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Post death rearrangement to save IHT

(5 Posts)
Rangirl Mon 13-May-13 14:47:11

Looking for a bit of help re a friend.Her DB died suddenly,unmarried no children Will leaving all between 3 siblings Estate is about £750k so substantial IHT due She says she is looking to vary the Will to cut down the IHT .I am a solicitor but it is not my area My initial thoughts are that for a single person with no kids it is going to be quite difficult I know she will need to take specialist advice but it if any one has any helpful thoughts that would be great

Xenia Mon 13-May-13 15:24:49

Very hard if the brother has already died. Had he not yet died his life policies and pension could have been put in trust for his children or siblings (that is what I have done to reduce IHT but even so my children will be homeless when I die because of the 40% IHT which cannot be mitigated unless and until I give them my assets and survive 7 years).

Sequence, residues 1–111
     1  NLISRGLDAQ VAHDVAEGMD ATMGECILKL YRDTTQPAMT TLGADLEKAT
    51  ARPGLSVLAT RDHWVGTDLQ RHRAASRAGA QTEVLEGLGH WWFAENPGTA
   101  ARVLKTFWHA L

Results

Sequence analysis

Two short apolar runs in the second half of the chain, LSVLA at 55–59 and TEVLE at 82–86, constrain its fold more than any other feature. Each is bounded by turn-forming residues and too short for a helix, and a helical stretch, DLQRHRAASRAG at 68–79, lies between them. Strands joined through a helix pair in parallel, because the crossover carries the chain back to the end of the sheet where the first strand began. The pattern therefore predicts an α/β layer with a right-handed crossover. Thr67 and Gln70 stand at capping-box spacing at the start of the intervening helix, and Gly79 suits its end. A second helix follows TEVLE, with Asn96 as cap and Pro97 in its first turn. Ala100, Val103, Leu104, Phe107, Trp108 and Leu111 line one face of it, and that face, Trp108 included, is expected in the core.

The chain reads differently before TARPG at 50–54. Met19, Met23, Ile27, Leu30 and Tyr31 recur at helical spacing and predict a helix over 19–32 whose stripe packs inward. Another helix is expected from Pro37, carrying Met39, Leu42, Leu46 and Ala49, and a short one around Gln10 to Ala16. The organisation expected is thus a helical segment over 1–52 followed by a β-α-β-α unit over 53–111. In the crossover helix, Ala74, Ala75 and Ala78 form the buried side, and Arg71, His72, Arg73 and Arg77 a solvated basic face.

It certainly would be worth seeing a solicitor about it though in case there is something that can be done. It may well be worth getting several valuations of any house as one (an accurate one) will go on to the probate documents for example.

The heirs might want to change the will so that all the assets go to the children of the beneficiaries not the beneficiaries. That may help later - eg if the other beneficiaries are likely to die in the next few years and yet another 40% handed over to benefits claimants, foreign wars and the other pointless things the state does with our money, then skipping a generation helps. They did this with Princess Diana's and varied it post death to pass to the next generation. However it will not save any of the IHT due now, just reduce the risk of more later and it may not be sensible to give your people a lot of money.

Rangirl Mon 13-May-13 17:32:38

Thanks Xenia that's very helpful

Domaby Mon 13-May-13 18:02:16

I agree with Xenia. The only other thing would be to give a portion of the estate to charity. If the deceased gave 10% of their estate to charity (including through a post-death variation) then the rate of IHT is reduced to 36%. Obviously this would mean the beneficiaries getting less as well, but at least its less IHT to pay.

Your friend should see a solicitor to make sure that all exemptions and reliefs are being used. For example on business assets.

Xenia Mon 13-May-13 21:58:19

(my post your people meant "young people")

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